Well, I thought it allowed for an enormous flexibility. I think that François' vision of it was one of evocation and impressions rather than imitation and a strict chronological biography. And indeed, one wouldn't have had enough time for that; it would have been double the length, and you still wouldn't have been any closer to the man, I don't think. They scripted many more films than we put in to give them options, and I think they chose the best of what they were left with.

I felt the very structure allowed us a scope imaginatively, where even the almost documentary interview of individuals took on -- because of the nature of what they say -- a narrative element. It's more than just a "talking head," it has something -- the little kernel of experience that they offer is much more than simple "And then he did this, and he went there." They had some insight -- knowing him reasonably well -- into him and so the distillation of their experience into one brief moment carried, I believed, a great deal more weight. And I rather liked the way it was then structured because you can't pin him down -- one of the pieces is "Questions with No Answers" -- and I think the whole film falls in that realm. There are indications, there are impressions, there are suggestions, and as Gould himself wrote, "Fiction would be the best biography." And we took him at his word. Everything that's represented in the film has a basis in factual reality, but the scenario that supports it is fictionalized. Seeing it now, I don't see any other way to do it.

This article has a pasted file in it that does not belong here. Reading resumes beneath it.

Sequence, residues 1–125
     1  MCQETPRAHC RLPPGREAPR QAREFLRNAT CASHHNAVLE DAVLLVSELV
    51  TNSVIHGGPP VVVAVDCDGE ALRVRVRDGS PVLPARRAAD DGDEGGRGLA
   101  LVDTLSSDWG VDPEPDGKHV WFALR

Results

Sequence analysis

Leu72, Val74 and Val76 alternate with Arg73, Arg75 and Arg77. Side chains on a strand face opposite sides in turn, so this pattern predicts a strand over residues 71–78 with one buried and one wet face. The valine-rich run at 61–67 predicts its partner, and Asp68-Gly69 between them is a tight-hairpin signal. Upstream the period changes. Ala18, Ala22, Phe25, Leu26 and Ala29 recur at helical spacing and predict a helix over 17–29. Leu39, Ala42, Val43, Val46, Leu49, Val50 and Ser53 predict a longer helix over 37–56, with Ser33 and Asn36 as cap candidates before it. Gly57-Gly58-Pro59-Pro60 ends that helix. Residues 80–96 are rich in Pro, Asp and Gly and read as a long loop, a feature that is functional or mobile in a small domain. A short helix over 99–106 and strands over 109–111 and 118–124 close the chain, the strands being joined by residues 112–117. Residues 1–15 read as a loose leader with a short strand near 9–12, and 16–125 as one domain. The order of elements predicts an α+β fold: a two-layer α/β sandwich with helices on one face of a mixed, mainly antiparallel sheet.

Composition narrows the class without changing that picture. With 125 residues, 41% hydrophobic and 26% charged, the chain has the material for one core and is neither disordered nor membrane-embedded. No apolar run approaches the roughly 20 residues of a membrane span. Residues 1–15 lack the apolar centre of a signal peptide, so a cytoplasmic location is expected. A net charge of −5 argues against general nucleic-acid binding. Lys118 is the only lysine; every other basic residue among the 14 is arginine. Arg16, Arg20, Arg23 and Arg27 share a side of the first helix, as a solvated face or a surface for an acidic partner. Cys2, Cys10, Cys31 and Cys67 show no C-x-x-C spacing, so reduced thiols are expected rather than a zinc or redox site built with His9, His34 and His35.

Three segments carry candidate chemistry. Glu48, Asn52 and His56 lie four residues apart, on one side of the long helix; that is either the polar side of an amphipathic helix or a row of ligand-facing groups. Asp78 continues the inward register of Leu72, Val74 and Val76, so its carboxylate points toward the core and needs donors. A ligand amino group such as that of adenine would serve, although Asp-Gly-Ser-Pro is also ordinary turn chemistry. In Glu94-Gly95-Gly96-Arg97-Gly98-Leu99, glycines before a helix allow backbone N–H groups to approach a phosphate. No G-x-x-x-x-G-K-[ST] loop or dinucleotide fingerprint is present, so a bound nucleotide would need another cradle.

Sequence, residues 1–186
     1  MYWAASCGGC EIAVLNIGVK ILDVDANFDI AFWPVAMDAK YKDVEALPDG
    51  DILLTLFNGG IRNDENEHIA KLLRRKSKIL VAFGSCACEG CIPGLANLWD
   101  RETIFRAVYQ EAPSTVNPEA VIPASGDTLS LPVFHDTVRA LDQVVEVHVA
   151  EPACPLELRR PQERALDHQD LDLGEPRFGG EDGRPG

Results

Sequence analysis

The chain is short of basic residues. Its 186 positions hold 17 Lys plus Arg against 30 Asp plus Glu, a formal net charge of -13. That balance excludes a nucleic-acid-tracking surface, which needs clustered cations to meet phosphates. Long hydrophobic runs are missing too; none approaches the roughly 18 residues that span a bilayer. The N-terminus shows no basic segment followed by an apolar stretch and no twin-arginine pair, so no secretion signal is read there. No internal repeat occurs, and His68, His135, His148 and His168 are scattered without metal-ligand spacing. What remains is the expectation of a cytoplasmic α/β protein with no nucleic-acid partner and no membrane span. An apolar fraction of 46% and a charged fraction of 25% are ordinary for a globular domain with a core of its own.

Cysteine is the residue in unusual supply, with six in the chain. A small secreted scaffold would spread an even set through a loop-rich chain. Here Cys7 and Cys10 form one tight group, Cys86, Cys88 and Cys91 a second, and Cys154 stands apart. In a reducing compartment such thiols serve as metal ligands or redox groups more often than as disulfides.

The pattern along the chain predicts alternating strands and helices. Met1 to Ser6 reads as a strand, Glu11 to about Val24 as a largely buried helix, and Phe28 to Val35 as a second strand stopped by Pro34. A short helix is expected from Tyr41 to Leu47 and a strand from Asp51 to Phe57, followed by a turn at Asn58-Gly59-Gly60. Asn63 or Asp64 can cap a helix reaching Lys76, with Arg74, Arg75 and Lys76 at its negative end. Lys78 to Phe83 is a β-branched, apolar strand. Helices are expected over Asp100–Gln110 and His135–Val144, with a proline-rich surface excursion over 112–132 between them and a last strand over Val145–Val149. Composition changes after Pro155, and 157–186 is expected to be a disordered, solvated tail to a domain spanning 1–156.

Several sequences where people are asking you questions -- I thought I'd like to hear some answers.
But that's the point, there really aren't any. We pored over all the materials, in print and in film and television, and in the music looking for these kinds of answers, and the closest we got to anything like that was in the National Archives, where a letter to "Dell" -- an anonymous person really, or an obviously made-up name for someone -- was found, as well as an unfinished personal ad. It then became a question of going backwards from that and trying to surround it with a dramatic structure, you know, "Well, when did this get created, when did he do this?" As for putting a period to these questions and actually getting a serious answer, anything we could have done would have been speculative, and I felt that it was not up to us to lead the audience in any particular direction but rather that they should be left with a clarified, but no less unanswered view of what the questions are about him.